London Bomb Blast Heard Across Internet
Today’s terror attacks on the London mass transit system were not only a sucker-punch to a city which was jumping with Olympic joy 12 hours ago and another stain brought upon the world by radical terrorists, but also an interesting study of the spreading of news via blogs, cellular phone cameras, and other mobile devices used by many during the morning commute bombing. To date, 40 people were killed in the morning blast, and there are a reported 700 injured. The blasts, which led to Tony Blair leaving the G8 Summit to attend to his countrymen, were dubbed by the Associated Press as “the worst attack on London since World War II.”
Unlike previous world shaking events, today’s London Bombing was interestingly enough one of the first examples of world news instantly documented by groups of mobile, unassuming and unintentional journalists. With the world wired together by wireless mobility, the BBC and CNN’s of the global media received first account footage of the events from cell phones, hand held mobile PC’s, and digital cameras. One example of such was the BBC coverage of the bombing aftermath with on-screen phone numbers and contact information for those within the Underground and bus bombing areas to send their photos, emails and text messages.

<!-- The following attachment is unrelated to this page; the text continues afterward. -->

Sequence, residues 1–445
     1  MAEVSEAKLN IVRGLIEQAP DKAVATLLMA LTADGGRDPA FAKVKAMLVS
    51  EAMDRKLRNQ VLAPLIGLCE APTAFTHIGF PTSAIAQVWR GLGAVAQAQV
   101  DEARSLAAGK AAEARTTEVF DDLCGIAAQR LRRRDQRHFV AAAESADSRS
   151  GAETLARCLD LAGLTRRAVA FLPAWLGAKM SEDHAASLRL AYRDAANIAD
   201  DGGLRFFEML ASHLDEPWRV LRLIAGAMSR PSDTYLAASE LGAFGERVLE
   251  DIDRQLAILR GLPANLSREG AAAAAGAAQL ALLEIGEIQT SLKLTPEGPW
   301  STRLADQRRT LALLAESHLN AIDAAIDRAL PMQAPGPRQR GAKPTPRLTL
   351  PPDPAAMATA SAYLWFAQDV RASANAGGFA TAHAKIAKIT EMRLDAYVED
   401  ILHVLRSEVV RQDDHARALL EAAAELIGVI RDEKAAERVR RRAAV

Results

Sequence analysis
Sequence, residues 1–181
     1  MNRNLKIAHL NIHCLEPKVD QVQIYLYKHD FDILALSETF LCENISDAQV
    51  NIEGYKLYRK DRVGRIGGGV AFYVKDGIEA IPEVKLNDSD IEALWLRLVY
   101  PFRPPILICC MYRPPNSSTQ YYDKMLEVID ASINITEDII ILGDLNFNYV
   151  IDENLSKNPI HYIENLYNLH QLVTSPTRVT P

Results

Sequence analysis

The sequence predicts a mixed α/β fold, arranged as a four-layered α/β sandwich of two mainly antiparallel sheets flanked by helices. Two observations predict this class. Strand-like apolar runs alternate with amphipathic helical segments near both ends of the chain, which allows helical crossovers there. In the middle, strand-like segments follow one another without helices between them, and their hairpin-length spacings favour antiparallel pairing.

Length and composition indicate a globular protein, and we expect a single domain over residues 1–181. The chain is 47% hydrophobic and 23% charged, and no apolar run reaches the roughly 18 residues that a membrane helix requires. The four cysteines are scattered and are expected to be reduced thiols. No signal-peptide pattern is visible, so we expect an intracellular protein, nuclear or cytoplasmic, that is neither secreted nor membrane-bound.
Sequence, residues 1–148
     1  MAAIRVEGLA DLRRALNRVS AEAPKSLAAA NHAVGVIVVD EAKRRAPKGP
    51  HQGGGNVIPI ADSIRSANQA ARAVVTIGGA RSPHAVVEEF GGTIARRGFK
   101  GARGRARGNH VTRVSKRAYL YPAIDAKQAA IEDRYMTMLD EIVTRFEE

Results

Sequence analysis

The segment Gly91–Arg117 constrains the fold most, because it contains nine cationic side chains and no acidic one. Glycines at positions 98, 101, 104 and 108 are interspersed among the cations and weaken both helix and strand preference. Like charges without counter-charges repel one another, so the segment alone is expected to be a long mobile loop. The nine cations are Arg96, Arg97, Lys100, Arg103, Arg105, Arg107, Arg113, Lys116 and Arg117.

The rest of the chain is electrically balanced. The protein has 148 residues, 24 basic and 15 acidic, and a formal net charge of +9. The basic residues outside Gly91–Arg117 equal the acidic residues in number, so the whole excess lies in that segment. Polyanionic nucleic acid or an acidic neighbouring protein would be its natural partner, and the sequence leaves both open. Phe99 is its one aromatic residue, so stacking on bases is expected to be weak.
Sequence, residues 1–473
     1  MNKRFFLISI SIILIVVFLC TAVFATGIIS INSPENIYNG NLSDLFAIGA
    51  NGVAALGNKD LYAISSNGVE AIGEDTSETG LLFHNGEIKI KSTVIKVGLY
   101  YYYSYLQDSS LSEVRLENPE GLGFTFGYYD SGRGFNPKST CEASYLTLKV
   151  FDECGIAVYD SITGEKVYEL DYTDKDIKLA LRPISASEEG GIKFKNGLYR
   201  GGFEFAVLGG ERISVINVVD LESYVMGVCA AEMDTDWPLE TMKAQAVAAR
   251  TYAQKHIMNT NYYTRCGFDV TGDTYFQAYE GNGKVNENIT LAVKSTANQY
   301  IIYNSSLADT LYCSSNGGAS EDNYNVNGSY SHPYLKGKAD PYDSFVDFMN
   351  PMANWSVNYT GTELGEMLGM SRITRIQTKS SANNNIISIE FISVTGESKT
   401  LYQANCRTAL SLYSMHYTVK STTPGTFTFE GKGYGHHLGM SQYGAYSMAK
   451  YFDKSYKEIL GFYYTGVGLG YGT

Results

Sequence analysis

The blogosphere was also shocked with sites such as Flickr (a Yahoo property), Technorati, and others filling up with news posts and on-site photos of the disaster. The BBC reports “News of the suspected terror attacks across central London has quickly spread across the net as people try to get information about the chaos. According to blog tracking service, Technorati, there were more than 1,300 posts about the blasts by 1015 GMT.”
Footage from the bombing can also be found on Flickr’s London Bomb Blast Pool and searches for photos with the tags “london” and “london bomb.” Technorati’s top five searches for the day are 1. “London” 2. “London Explosion” 3. “London Bomb” 4. “London Blast” 5. “London Bombing”.
At press time I have not read of any charities in need which are helping with the clean up and medical assistance after the blast, but the Red Cross is always a good choice and is looking for blood donations world wide.